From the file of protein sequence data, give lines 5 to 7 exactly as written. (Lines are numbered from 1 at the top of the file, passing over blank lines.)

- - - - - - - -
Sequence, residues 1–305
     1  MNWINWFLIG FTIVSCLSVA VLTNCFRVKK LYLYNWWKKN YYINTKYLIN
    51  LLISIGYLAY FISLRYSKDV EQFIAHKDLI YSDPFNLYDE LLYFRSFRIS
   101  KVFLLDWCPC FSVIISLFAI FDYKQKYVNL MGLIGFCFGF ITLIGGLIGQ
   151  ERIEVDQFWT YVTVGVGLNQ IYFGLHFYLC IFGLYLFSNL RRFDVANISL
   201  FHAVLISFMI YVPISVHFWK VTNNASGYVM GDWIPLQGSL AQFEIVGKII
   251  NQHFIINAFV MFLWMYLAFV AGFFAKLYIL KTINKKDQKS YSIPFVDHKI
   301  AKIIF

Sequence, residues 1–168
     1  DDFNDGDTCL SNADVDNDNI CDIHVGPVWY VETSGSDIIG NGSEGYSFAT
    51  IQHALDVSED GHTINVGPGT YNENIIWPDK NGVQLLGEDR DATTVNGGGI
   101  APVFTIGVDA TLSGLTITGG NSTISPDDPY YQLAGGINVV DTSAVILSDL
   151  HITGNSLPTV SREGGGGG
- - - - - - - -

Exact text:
   151  ERIEVDQFWT YVTVGVGLNQ IYFGLHFYLC IFGLYLFSNL RRFDVANISL
   201  FHAVLISFMI YVPISVHFWK VTNNASGYVM GDWIPLQGSL AQFEIVGKII
   251  NQHFIINAFV MFLWMYLAFV AGFFAKLYIL KTINKKDQKS YSIPFVDHKI